CD Review: Donald Fagen

Donald Fagen
Morph the Cat
By David Chiu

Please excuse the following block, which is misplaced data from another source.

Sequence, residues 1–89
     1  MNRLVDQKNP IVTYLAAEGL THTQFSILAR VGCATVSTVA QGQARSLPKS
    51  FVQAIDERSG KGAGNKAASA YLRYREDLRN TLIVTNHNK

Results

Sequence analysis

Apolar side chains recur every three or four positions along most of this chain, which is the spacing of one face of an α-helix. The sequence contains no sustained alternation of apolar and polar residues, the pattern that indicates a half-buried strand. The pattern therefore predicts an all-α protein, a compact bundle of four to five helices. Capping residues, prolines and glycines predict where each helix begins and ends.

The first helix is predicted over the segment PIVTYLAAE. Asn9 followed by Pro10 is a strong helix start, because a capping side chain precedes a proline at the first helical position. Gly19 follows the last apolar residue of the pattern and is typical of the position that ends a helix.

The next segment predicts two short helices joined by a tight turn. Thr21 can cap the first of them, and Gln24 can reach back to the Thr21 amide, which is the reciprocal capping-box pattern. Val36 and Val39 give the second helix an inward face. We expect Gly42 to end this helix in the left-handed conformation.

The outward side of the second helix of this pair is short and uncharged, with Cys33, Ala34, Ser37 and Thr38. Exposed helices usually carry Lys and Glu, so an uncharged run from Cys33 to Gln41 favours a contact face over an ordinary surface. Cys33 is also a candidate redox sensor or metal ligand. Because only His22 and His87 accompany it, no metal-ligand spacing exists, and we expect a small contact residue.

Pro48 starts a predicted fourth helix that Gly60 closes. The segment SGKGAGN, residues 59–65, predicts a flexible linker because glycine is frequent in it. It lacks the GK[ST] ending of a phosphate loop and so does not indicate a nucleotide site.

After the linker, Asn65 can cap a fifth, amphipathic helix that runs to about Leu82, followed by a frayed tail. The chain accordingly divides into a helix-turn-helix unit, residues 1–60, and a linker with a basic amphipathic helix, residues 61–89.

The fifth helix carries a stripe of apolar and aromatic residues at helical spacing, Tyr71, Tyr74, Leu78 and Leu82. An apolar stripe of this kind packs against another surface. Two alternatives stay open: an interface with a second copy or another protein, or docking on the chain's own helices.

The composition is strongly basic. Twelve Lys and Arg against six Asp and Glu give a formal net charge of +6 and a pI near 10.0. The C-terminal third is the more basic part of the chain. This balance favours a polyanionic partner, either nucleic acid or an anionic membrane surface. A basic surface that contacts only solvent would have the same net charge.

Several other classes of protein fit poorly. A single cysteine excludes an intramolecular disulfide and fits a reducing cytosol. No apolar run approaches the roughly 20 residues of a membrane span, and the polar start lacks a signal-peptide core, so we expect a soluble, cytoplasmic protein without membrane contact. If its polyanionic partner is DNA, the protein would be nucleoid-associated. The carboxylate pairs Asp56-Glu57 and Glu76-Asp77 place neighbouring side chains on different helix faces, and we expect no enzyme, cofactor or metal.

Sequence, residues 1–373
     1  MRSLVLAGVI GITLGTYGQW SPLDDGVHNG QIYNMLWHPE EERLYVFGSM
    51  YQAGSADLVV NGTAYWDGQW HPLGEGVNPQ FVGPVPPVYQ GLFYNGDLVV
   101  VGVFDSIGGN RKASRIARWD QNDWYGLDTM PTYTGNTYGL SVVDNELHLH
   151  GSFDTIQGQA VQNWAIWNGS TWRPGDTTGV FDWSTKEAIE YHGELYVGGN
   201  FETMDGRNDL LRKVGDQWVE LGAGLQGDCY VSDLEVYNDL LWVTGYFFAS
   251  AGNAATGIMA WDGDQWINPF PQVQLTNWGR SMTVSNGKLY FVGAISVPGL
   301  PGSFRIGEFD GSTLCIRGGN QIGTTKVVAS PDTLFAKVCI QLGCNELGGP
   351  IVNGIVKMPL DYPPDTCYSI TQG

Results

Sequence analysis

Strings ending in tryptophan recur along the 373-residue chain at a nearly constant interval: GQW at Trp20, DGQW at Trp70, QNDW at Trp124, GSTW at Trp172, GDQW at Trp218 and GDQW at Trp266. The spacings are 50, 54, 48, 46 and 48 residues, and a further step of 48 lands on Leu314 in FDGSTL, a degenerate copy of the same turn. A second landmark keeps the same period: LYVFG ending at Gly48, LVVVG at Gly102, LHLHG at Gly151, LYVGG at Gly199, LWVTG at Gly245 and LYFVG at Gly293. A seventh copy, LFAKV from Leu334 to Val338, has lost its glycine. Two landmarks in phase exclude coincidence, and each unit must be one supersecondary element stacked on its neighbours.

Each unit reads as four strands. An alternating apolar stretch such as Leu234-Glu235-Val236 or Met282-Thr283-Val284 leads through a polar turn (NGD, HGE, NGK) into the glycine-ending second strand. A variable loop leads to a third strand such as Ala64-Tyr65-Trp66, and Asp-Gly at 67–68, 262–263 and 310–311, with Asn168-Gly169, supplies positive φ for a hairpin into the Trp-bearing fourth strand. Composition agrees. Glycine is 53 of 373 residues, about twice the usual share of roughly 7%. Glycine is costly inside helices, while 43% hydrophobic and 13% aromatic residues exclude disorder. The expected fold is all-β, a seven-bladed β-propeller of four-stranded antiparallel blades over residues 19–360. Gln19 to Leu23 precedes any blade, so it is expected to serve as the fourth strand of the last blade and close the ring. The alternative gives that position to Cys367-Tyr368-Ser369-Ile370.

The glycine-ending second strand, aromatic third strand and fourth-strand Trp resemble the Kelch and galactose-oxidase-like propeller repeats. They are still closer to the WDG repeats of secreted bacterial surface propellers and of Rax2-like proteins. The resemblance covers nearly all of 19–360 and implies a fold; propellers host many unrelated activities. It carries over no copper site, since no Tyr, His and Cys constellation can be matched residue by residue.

As indicated his other two previous solo albums, Donald Fagen’s Morph the Cat sounds very similar to the latter day Steely Dan albums—smooth and sophisticated jazz-inflected pop. Morph the Cat also represents a trilogy of sorts: The Nightfly (1982) explored adolescence, Kamikiriad (1993) tackled midlife, and this latest one deals with endings (The afterlife on the fourth solo record?). Underneath the upbeat and soulful pop is some serious and downbeat stuff post 9-11, from impending death in “Brite Nitegown” to the ‘War of the Worlds’ scenario of “Mary Shut the Garden Door.” It also poignantly explores the climate of the times such as lovers ignoring the world of “psycho-moms and dirty bombs” around them on “The Great Pagoda of Funn”; even Fagen inserts his trademark wry humor on “Security Joan,” in which a hapless passenger serenades to the airport attendant: “Girl you won’t find my name on your list/Honey you know I ain’t no terrorist.” There’s also an imagined dialogue with Ray Charles on “What I Do” that captures the essence of the soul genius. With the usual superlative musicianship and Fagen’s distinctive sardonic voice, Morph the Cat is engaging and intimate with a little bit of that dark edge that defined Steely Dan’s career.


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